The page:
This Time, It's Grahe's Turn to Fail : Angels: Once again, the fifth starter is ineffective. Pitcher lasts only 2 1/3 innings in 5-3 loss to the Mariners, who are 10 games over .500 for the first time.


The Angels patch here, and plug there. But swiftly and surely, the team springs another leak.

The Angels went to Minnesota with only one victory in August and with a sputtering offense. Then they hit seven home runs in three games and won three in a row.

That done, they arrived here and watched their frustrating fifth-starter's spot self-destruct again in a 5-3 loss Friday night to the Mariners before 27,461 in the Kingdome.

Joe Grahe, the latest candidate to assume the spot, upheld the sorry tradition that began with Scott Lewis and was passed on to Fernando Valenzuela, Mike Fetters and now to Grahe, who is taking his second turn at the job.

Grahe, who twice this season has given up five or more runs in the first inning, lasted 2 1/3 innings. After giving up one run in the first, was chased during a three-run third. He allowed the leadoff hitter to reach all three times--twice with walks and once when he hit a batter.

He yielded five hits and three walks and struck out one.

The problem was simple.

"It was pretty obvious," Manager Doug Rader said. "His command was terrible. If you can't throw strikes and you can't get ahead, you're not going to survive."

The Angels have to wonder if they would be surviving this season a little bit better if they had a dependable fifth starter.

Grahe is 0-4 with an 10.47 earned-run average as a starter. In 16 1/3 innings as a starter, he has given up 19 earned runs.

Together, the fifth starters have a 1-13 record, and an 8.38 ERA.

Grahe was coming off two good outings, but by the time he left Friday, Ken Griffey Jr. already had two run-scoring doubles--one to right field and one to left--and Jay Buhner had picked up his 18th RBI of the month.

The Angels can't even match his RBIs with victories. The loss was the Angels' 11th this month.

Since their one day in first place on July 3, the Angels have lost 26 of 38 games.

After their confidence-building visit to Minneapolis, they arrived in Seattle to see headlines of "Home Sweep Home for M's," and "Broom, Broom, M's Roar Past Athletics."

The Mariners, whose victory over the Angels put them 10 games over .500 for the first time in history, had swept four games from Oakland. Instead of playing for their first winning record, the Mariners are in fourth place, 5 1/2 games behind the first-place Twins in the American League West.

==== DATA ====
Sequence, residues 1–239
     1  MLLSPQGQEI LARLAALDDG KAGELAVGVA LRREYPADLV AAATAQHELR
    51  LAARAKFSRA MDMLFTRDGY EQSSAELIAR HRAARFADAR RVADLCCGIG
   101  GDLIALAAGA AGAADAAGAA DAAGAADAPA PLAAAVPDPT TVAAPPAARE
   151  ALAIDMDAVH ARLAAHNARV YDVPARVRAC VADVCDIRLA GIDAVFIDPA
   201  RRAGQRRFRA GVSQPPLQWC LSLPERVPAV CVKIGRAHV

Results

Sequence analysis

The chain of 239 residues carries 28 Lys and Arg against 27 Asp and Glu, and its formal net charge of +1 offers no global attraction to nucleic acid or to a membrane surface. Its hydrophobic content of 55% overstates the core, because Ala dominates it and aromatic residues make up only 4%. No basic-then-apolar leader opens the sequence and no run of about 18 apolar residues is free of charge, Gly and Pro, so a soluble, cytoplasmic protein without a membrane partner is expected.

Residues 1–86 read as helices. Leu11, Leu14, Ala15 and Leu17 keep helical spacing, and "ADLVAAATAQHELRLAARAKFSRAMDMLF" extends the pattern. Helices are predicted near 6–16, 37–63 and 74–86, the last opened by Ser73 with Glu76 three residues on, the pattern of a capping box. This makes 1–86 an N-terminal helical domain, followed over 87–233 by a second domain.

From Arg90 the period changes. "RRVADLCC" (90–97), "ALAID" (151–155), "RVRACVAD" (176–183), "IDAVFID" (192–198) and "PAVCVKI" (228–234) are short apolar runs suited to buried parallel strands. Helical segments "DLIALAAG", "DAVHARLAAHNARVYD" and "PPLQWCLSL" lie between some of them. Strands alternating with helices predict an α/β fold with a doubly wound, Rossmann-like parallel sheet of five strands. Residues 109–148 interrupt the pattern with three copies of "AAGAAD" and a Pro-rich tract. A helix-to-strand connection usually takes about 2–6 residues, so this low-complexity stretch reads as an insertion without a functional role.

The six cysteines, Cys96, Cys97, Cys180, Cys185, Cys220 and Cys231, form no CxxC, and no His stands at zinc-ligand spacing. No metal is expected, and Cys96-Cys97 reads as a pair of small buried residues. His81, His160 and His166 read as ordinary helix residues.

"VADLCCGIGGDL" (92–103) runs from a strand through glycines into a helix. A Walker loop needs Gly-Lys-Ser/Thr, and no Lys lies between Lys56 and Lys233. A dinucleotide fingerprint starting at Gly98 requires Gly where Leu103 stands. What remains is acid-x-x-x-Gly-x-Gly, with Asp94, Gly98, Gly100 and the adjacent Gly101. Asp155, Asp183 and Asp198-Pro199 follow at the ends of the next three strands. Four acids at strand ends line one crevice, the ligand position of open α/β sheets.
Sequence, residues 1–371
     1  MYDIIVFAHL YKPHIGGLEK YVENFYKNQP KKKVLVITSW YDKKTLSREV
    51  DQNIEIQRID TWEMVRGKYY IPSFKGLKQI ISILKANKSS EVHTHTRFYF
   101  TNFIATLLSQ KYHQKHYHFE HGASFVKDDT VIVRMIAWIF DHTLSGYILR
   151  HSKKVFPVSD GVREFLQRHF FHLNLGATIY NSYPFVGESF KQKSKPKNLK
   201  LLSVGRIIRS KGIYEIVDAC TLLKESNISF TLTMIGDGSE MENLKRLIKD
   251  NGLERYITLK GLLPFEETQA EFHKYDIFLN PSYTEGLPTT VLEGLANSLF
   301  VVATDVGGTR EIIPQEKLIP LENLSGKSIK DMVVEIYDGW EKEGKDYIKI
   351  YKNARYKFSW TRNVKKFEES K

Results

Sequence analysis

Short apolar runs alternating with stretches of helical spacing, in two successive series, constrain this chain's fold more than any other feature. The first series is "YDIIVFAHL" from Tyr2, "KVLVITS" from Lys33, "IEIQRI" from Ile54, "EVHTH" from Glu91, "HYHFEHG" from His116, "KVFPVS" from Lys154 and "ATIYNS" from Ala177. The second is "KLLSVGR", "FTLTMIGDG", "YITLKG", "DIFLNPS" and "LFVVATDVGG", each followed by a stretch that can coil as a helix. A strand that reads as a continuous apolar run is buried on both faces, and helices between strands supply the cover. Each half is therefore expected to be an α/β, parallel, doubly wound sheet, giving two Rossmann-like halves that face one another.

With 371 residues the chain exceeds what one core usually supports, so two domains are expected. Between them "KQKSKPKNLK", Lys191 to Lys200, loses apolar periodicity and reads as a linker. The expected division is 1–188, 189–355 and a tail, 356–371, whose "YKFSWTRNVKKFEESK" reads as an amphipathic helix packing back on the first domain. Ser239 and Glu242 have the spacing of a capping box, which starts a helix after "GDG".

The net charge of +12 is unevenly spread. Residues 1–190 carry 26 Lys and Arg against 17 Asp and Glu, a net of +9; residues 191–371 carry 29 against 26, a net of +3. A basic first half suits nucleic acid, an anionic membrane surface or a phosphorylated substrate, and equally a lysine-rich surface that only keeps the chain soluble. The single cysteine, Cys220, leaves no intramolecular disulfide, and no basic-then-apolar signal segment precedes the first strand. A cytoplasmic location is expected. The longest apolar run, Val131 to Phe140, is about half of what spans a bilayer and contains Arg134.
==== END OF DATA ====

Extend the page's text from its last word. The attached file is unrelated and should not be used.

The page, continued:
"It's a nice thing to say that we're the first team to do that (10 games over .500)," Manager Jim Lefebvre said. "But I'm sure our guys are thinking more than that. It's a milestone, but tomorrow is a new day."

Grahe faltered Friday, and for one of the many times this month, the Angels didn't have the offense to overcome five runs.

They stranded 10 runners, and didn't score until the sixth inning, when they scored two runs, one of them unearned because of third baseman Edgar Martinez's fielding error. They also left the bases loaded that inning.

The Angels thought they had found the solution to their season-long problem in Grahe, who pitched well in his last outing, losing to Oakland on Sunday, 3-2, after Luis Polonia's misplay of a fly ball contributed to all three runs.

On Friday, Grahe gave up a run in the first after walking leadoff hitter Martinez, who went to third on Harold Reynolds' single and scored on Griffey's double. Had Reynolds not been thrown out trying to take second, Griffey would have had two RBIs.

In the third inning, Grahe permitted six consecutive batters to reach base before being replaced.

"The last couple of starts he's thrown the ball pretty well, but tonight, he couldn't seem to find the plate," catcher Lance Parrish said. "This ballclub has searched long and hard for somebody to fill the fifth-starter's spot. It's not for lack of trying, not for lack of effort.

"Joe Grahe has the ability to pitch in the fifth spot. Today he just let some things get away."

Grahe, who talked quietly with pitching coach Marcel Lachemann after the game, understood the problem clearly.

"I've got to get ahead of the hitters, that's all there is to it," he said. "They weren't first-pitch hacking, so it was just a matter of getting the ball over the plate. It came down to making 2-1, 3-1 pitches. You're going to get hit that way."

The Mariners, with five victories in a row, are playing well.

"It's one thing to hit a good 0-2 pitch or a 1-2 pitch, and another to hit a 3-1 pitch or a 3-0 pitch," Grahe said. "A team that's hot like that, it just feeds even more to them."

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